DRHOOK- FTo B12? Deficiency of crucial vitamin dangerous

the handsome doctor John Hong of Charlottesville

"She may be weary, Women do get weary, Wearing the same shabby dress..." Don't you ever get tired and demoralized, feeling like you've been run down by a 100-ton freighter? 

This is not a multivitamin commercial, as I'm not an advocate for multivitamins; I'm an advocate for eating balanced healthy meals to get vitamins naturally. But vitamins and supplements have made some people multi-millionaires overnight. If I ever sell a vitamin, it will be Vitamin R, as in "Really, folks, do you need it?"

Are some vitamin supplements worth taking?

Notice I said multi-vitamins are not my cup of tea. But when someone is deficient in a specific vitamin, or has a medical condition that benefits from higher levels of vitamins, then taking that vitamin makes sense.

Vitamin B12 deficiency is such a case.

B12 deficiency can make a person feel awful: tired, forgetful– even demented– depressed, physically weak, uncoordinated, suffering tingling/numbness in the hands and feet. (Sounds like a party of Betty Ford Clinic drop-outs– and in actuality, alcoholics are at risk of B12 deficiency.)

B12 deficiency has also been linked to heart disease, osteoporosis, incontinence, and vaginal problems.

Because B12 is essential in keeping the nervous system healthy, a deficiency of this important vitamin can be the reason grandmother or grandfather appears to have Alzheimers. About five percent of folks 65-74 years old have B12 deficiency, and 10 to 24 percent of those 75 or older.

Tingling or burning in the toes, especially in bed, is often the first sign of nerve damage from B12 deficiency. You don't want to have the "twinkle toes" for long, because if the B12 isn't restored in time, the nerve damage can be permanent. Weakness can follow: folks complain their legs don't have the va-va-voom they used to have. So going upstairs, getting out of a chair, or going for walks is difficult.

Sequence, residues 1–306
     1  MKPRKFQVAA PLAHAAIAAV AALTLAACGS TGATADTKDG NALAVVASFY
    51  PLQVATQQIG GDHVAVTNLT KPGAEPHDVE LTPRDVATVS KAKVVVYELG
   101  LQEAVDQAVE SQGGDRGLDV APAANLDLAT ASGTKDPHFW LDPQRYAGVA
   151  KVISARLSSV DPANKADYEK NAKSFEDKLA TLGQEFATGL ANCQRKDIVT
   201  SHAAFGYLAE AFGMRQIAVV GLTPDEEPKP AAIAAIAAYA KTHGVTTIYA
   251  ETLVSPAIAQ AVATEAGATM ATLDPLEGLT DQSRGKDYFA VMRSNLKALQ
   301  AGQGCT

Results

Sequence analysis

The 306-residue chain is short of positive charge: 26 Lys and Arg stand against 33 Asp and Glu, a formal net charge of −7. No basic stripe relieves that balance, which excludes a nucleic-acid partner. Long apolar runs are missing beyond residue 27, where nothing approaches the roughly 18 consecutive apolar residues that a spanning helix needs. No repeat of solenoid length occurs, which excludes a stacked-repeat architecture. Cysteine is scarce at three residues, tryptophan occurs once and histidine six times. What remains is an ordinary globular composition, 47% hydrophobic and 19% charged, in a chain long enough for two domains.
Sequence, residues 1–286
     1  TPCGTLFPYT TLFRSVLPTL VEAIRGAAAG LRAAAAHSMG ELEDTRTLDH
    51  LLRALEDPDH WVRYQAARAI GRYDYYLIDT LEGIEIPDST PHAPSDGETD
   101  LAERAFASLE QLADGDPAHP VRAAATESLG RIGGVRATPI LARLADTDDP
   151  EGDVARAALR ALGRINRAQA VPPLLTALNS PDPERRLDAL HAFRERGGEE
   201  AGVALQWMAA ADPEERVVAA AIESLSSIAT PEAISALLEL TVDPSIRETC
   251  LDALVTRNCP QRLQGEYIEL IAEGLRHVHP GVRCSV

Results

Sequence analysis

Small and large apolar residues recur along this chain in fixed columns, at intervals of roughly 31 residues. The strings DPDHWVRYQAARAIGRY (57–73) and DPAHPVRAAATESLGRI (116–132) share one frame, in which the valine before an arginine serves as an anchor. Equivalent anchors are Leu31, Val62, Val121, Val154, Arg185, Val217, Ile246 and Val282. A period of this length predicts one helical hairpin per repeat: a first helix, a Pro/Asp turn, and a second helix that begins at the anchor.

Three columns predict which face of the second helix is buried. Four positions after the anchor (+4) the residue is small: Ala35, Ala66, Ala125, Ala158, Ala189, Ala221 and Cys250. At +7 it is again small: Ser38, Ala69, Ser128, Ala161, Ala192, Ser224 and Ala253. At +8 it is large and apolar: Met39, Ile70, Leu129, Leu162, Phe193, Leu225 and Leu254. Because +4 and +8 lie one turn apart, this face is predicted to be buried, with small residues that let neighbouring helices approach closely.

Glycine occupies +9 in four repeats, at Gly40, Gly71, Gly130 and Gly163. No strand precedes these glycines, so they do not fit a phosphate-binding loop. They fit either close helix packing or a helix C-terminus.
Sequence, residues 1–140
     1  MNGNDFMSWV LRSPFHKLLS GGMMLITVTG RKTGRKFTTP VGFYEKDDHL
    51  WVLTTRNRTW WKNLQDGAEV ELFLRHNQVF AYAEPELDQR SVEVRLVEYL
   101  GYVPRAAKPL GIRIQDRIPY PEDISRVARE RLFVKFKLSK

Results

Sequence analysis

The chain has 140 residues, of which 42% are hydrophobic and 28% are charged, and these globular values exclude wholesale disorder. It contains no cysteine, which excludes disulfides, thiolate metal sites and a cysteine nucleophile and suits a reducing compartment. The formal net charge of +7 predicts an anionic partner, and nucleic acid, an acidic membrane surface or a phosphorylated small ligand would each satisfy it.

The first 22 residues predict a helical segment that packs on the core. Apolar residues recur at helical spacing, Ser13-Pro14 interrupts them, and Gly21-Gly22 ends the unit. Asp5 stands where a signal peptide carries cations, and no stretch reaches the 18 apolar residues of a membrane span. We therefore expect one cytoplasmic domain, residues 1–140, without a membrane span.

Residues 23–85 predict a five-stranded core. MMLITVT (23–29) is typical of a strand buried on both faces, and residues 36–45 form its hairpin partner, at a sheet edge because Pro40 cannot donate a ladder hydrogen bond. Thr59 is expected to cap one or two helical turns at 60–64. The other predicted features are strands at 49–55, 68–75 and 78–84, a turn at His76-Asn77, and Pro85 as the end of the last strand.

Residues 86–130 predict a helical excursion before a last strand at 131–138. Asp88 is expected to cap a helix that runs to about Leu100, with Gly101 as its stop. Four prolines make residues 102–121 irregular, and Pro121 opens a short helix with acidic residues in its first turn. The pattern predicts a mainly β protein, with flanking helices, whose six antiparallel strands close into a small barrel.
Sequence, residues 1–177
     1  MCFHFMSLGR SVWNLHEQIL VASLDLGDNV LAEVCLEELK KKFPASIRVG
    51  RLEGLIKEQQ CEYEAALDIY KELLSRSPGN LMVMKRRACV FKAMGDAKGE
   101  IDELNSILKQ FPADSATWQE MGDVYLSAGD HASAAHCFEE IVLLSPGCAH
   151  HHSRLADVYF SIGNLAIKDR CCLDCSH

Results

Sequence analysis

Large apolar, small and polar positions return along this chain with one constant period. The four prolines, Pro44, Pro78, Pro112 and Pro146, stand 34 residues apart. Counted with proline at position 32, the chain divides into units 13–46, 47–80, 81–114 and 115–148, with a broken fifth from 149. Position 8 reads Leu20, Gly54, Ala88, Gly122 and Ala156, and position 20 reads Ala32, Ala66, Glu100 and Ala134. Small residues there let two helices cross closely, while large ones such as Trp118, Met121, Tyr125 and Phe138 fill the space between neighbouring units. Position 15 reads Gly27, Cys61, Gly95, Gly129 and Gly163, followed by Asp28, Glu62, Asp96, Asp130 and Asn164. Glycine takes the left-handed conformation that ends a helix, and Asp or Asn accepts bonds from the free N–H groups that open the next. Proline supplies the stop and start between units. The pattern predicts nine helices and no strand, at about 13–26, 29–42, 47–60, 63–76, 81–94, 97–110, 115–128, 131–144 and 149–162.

Megaloblastic anemia from B12 deficiency can also contribute to fatigue because hemoglobin can't form correctly without B12.

Vitamin B12 comes from meat and dairy products, and the liver is pretty good at storing B12 for years. So it's hard to become deficient from a diet lacking in B12, as some strict types of vegetarians may experience. 

Usually B12 deficiency is due to poor gut absorption. Pernicious anemia is a main cause of B12 deficiency because the autoimmune antibodies block B12 absorption. It affects about 4.1 percent of white and black women and 2.1 percent white and black men (not so many Asians or Hispanics). This autoimmune disorder is associated with vitiligo (the skin turning white— the malady Michael Jackson claims he suffers), and thyroid disease.

It seems every celebrity has had bariatric surgery nowadays, and this can interfere with B12 absorption. So if Randy Jackson starts saying "Cat" instead of "Dawg" on American Idol, we know he needs some B12 injections (or he's been hanging around Paula too long).

Gastritis can interfere with B12 absorption. But PPIs (like Prilosec, Nexium, and Prevacid) and other anti-acids can reduce absorption of B12. Waning of the stomach cells in the elderly (gastric atrophy) is a common cause of B12 deficiency.

Small bowel diseases like malabsorption syndrome and Crohn's disease are a problem for B12 absorption. Those with pancreatic insufficiency might also have problems.

"To be or not to B12"– that is the question. B12 deficiency can be diagnosed by a simple blood test for B12 and methylmalonic acid. If a deficiency is identified, however, finding the underlying cause is more complex.

If I ever sell B12, I think I'll call it, "I'd rather B12 than B100." What do you think?


Dr. Hook cracks a joke or two, but he's a renowned physician with a local practice. Email him with your questions.